A major opportunity sits at the intersection of private equity and the ESG profession — right?
Private equity’s primary purpose is clear: to achieve alpha for super-rich individuals who can afford super-steep private equity fund minimums and for institutional investors such as pension funds, endowments and insurance companies. But this opaque asset class has recently made a significant splash in the world of ESG and thus the world of ESG talent.
A wave of high-profile ESG talent has entered the space over the past few years — think Sustainability Accounting Standards Board founder and former CEO Jean Rogers’ transition to lead ESG at Blackstone last year or Microsoft’s chief environmental officer Lucas Joppa’s move to an as-of-yet unnamed private equity firm in late July.
Since the leveraged buyout boom of the 1980s, private equity has been seen as more of a "greed is good" corner of financial services than anything like "green is good." And, with the current climate-focused epoch in investing largely characterized by a push for public market ESG disclosure, private markets have been framed as a place where dirty assets can seek shelter from scrutiny.
As BlackRock CEO Larry Fink has put it, "There’s more movement away from hydrocarbon assets into private hands than anytime, ever … That’s window dressing, that’s greenwashing."
That said, ESG roles are opening at an increasing clip at private equity firms both small and large. So what’s behind the trend, and how is private equity skilling and staffing up to meet the moment?
I recently checked in with some people who are plugged into the intersection of private markets and ESG to gauge their perspective on how this new front in the ESG talent war is shaping up.
What is an ESG education, after all?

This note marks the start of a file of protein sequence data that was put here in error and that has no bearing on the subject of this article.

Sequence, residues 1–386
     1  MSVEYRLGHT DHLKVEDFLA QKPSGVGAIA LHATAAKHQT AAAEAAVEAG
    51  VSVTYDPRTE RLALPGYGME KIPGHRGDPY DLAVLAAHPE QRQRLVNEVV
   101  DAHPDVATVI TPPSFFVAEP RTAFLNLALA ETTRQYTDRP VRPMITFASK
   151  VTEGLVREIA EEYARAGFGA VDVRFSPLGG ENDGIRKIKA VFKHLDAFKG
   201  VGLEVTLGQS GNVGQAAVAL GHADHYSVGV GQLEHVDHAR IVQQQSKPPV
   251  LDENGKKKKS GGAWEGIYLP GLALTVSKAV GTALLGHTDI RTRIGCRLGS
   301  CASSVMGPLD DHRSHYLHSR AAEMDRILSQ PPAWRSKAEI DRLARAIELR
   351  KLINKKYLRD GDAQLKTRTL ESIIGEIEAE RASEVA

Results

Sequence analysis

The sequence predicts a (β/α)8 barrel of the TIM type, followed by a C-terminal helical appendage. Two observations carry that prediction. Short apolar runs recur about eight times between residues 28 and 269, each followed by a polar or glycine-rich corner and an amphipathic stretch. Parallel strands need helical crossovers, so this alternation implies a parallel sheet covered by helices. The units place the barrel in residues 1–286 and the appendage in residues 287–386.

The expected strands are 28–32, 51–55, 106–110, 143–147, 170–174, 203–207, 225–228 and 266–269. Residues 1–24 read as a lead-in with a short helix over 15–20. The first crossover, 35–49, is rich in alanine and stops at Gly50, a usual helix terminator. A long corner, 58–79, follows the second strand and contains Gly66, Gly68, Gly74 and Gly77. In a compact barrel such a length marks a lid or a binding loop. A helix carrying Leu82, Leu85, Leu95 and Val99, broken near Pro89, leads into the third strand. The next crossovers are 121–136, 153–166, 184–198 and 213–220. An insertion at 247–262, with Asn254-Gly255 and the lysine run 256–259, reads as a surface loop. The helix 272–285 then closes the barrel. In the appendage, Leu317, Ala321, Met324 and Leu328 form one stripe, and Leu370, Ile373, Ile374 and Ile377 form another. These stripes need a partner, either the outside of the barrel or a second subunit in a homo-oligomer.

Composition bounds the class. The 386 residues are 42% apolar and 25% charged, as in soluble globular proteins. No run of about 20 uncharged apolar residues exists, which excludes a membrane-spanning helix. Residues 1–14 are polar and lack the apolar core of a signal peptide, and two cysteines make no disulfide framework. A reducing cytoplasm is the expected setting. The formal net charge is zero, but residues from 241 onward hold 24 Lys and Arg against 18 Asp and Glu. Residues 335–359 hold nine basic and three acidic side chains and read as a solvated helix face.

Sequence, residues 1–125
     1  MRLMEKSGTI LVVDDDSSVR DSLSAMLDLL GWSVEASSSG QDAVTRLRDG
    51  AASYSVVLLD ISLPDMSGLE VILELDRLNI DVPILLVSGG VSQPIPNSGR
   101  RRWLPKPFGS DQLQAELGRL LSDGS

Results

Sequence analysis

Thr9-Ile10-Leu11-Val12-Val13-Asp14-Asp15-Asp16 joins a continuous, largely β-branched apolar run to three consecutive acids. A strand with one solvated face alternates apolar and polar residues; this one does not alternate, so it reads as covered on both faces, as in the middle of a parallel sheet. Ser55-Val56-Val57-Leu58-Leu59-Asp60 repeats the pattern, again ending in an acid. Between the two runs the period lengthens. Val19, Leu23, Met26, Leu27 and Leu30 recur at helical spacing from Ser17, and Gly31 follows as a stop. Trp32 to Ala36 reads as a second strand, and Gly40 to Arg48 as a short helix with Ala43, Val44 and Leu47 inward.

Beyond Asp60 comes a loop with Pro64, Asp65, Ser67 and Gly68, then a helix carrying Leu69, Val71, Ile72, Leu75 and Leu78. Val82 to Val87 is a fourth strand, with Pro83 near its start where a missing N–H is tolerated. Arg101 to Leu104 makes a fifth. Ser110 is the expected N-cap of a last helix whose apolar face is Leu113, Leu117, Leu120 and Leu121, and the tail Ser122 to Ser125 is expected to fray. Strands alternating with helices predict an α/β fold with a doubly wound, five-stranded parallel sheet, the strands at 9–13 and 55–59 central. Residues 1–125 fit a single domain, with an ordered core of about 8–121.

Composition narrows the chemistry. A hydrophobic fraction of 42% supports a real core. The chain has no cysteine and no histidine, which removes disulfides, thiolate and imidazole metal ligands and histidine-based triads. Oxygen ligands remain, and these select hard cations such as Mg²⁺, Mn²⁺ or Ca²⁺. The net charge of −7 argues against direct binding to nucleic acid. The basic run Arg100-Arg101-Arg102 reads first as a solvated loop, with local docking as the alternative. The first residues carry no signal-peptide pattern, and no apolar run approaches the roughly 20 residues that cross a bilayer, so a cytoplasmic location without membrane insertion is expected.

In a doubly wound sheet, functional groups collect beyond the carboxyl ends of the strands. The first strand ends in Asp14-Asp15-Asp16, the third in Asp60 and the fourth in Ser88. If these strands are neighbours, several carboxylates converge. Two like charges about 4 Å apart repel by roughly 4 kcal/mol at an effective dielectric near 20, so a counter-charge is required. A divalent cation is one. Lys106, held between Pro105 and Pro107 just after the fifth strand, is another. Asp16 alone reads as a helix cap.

The demand for qualified ESG talent across sectors and industries remains far and above existing supply.
As GreenBiz’s Joel Makower covered last year, the ESG talent war can be characterized as an all-hands-on-deck situation with too few skilled hands and lots of deck to manage. Weeks out from the start of Q4 2022, hands are still in short supply while more ships are setting sail — including those navigating private market waters.
As the sustainable finance analyst at GreenBiz, I get asked a different iteration of the same question almost daily — it’s one that many readers may often hear, too: "How can I get a job in ESG?"
A few quick follow-up questions reveal some consistent and understandable misunderstandings about who is "doing ESG" (which is not a standalone verb in investing) and how they got their jobs.
Dave Stangis is another prominent individual who recently transferred his skills to the private equity space, alongside Rogers and Joppa. Stangis took the job of CSO at private equity firm Apollo Global Management last year. He formerly held sustainability leadership roles at Campbell Soup Company and Intel.
"I get the question literally every day," he told me. "How can I break into ESG? I often get asked, for example, ‘What's the one course or certification I need to get to get into this space?’ — but that doesn't really exist."
Unless you’re a veteran of corporate sustainability or sustainable finance, getting into the industry requires a level of commercial awareness that comes from doing teeth-cutting in roles that are not explicitly ESG-ish.
The answer here may be a bit deflating. And if you’re someone who’s itching to jump into an ESG position, especially earlier in your career, you’re right to feel a bit underwhelmed about what roles are really out there for you.
As it regards many ESG roles in investing and finance, one reaction to Makower’s "War for ESG talent" piece struck me. The respondent wrote that, of the dozens of ESG-related openings she’d looked into, "Many require advanced degrees and professional certifications, which … are often not actually necessary for the position … Operational experience is far more valuable than an advanced degree or certification."